We are deeply troubled by these findings. Caring for seniors who suffer from dementia is a difficult job – and a sacred one. We all want to know that our loved ones are receiving the quality of care and attention they deserve from the professionals to whom we entrust their care, and that their health and safety are not being put at risk because of poor oversight.
However, we are encouraged by the efforts HHS has made to address this problem through the National Partnership to Improve Dementia Care in Nursing Homes. As you know, through the National Partnership, the Centers for Medicare & Medicaid Services (CMS) works with federal and state agencies, nursing homes, and others to provide outreach and education in order to reduce antipsychotic use by 30 percent by the end of 2016. These efforts have led to some success. For example, all 50 states showed some improvement between 2011 and 2014, and many states reduced their rates of medication use by more than 25 percent. These outcomes were achieved in many cases through investments in staff training and other measures to ensure proper care.
But there is still more work to be done to address this urgent problem. GAO recommends that HHS increase efforts to reduce prescriptions of these medications to the over 1.2 million seniors with dementia who live outside of nursing homes and to continue the progress that has been made in nursing homes.
In order to better evaluate this report and ensure that our seniors are receiving appropriate and effective care without being exposed to unnecessary or risky prescriptions, we request that the appropriate HHS officials provide a written response to the following questions:
- How were the reduction rates set by the National Partnership to Improve Dementia Care in Nursing Homes determined? Please describe any plans HHS has to work with states that have not yet achieved targeted reductions in prescription rates.
- The GAO report highlights certain risk factors associated with an increased likelihood that a nursing home patient with dementia will receive a prescription for antipsychotic medication.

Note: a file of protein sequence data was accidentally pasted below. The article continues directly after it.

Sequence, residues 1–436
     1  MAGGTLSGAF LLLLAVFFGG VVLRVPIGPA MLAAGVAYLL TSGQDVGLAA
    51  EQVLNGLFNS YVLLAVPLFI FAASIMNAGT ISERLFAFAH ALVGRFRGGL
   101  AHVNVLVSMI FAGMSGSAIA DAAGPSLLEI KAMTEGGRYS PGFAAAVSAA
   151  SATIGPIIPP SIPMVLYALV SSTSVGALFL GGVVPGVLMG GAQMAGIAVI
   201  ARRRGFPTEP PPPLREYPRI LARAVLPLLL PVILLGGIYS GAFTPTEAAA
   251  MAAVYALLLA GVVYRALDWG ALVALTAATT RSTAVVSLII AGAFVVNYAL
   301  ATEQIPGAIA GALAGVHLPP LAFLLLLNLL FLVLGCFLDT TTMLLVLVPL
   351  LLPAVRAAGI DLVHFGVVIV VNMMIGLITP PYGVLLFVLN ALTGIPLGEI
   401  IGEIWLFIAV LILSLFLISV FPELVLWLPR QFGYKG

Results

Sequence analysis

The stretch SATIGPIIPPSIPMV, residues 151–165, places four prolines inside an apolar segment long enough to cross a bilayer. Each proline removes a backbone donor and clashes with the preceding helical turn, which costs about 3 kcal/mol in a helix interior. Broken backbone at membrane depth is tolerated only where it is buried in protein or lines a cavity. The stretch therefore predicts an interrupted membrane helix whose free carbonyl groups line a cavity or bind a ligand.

- What steps has HHS taken to examine and address the risk factors determined to increase the likelihood of using antipsychotic prescriptions as treatment for dementia, as determined by the GAO report?
- In February, we were encouraged to see the CMS announce that it was adding two quality measures for antipsychotic medication use in nursing homes in a larger set of reforms to improve the Nursing Home Compare 5 Star Quality Rating System. How do you anticipate that actions taken by the National Partnership to Improve Dementia Care in Nursing Homes to mitigate the problem of overprescribing will impact CMS’s Nursing Home Compare rating system? How will the rate of prescription of antipsychotic drugs affect the nursing homes’ star rating? Are there any safeguards in place to ensure that beneficiaries will continue to receive appropriate care as actions are taken to mitigate overprescribing of these medications? Is HHS involved in any efforts to explore alternative or behavioral treatments available to treat dementia? Would these treatments be available for use for patients in and outside of nursing homes?
- Given the risk associated with these prescriptions, how can the CMS work with states, nursing homes, local communities, medical providers and individual caregivers to ensure that those beneficiaries living outside of nursing homes with dementia are receiving the appropriate type and amount of medications?